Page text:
Police say they will enforce any order to exhume a man's body from a Tuhoe burial ground despite strong reservations expressed by some officers.

The prospect of the remains of James Takamore being dug up from the urupa at Kutarere Marae, in the Eastern Bay of Plenty, has arisen again after the Court of Appeal ruled that Mr Takamore's long-time partner has the ultimate right over where he was buried.

Denise Clarke wants Mr Takamore buried in Christchurch, where he had lived for 20 years with her and their two children before his death in 2007. Mr Takamore's Tuhoe whanau in the Bay of Plenty took his body north for burial at the marae against Ms Clarke's wishes.

The Takamore whanau have stood firm against any exhumation since then, but now that the courts have found in Ms Clarke's favour, an agreement will be sought. If agreement cannot be reached, an order for exhumation can be made by the High Court.


Takamore whanau lawyer Jamie Ferguson said the whanau would discuss the options with their legal team today.

In 2007, when Ms Clarke obtained an exhumation permit from the Ministry of Health, the Takamore whanau said they would resist any attempt to remove Mr Takamore's remains. A police source said at the time that some officers in the Eastern Bay of Plenty would be unwilling to have any part in a forced exhumation. "At the end of the day, most of us would actually refuse on cultural grounds," the source said.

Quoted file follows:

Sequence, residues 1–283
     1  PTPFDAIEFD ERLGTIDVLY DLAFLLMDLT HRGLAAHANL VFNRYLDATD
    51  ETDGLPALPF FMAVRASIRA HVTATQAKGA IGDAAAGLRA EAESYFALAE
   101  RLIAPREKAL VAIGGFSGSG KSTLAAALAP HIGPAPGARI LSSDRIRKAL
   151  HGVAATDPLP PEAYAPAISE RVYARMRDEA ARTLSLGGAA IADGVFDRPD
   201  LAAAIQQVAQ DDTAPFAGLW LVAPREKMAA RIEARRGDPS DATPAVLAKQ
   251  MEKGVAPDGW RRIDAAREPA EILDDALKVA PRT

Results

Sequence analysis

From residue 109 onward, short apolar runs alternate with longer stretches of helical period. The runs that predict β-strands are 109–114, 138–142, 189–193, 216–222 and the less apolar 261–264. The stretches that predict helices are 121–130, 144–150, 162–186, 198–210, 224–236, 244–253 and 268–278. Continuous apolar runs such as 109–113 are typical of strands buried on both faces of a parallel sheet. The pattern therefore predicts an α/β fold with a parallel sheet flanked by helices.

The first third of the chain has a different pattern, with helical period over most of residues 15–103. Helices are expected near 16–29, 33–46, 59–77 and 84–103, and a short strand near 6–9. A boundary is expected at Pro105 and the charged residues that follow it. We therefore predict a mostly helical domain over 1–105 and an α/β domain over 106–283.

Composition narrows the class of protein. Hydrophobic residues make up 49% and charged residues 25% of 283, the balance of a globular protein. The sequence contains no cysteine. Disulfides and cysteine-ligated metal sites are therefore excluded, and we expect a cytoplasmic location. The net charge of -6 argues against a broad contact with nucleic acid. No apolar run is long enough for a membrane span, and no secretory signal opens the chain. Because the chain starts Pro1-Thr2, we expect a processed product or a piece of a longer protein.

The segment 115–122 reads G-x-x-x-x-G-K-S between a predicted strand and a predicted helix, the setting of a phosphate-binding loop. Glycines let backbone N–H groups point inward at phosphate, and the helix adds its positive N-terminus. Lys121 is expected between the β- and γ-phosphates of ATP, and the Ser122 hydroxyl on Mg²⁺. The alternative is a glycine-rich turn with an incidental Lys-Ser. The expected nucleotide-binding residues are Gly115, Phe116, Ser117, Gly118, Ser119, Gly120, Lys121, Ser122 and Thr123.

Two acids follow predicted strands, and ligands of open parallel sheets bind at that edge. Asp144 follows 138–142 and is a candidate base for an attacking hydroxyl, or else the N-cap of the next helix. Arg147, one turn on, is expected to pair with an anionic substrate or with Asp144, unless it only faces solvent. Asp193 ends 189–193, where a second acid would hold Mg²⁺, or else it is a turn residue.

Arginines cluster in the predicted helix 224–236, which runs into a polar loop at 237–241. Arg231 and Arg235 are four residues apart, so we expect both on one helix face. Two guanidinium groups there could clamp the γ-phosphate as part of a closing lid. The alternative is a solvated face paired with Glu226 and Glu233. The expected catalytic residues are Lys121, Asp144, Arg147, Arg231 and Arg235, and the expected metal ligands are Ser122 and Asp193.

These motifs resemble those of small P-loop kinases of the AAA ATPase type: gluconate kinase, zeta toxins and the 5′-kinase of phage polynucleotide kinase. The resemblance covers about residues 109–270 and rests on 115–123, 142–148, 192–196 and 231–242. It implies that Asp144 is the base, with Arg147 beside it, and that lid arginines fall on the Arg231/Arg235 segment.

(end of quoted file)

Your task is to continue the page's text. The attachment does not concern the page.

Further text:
A police national headquarters spokesman said yesterday: "We will definitely enforce the law." However, he said all efforts to reach an amicable agreement should be exhausted first.

Ms Clarke's lawyer Gary Knight said having police go on to the marae to ensure an exhumation took place was a last resort.

Mr Ferguson said the option of asking the Supreme Court to further consider the issue still existed, and would not be unreasonable when such important issues were at stake.

But Mr Knight said he doubted the court would grant leave for any further appeal.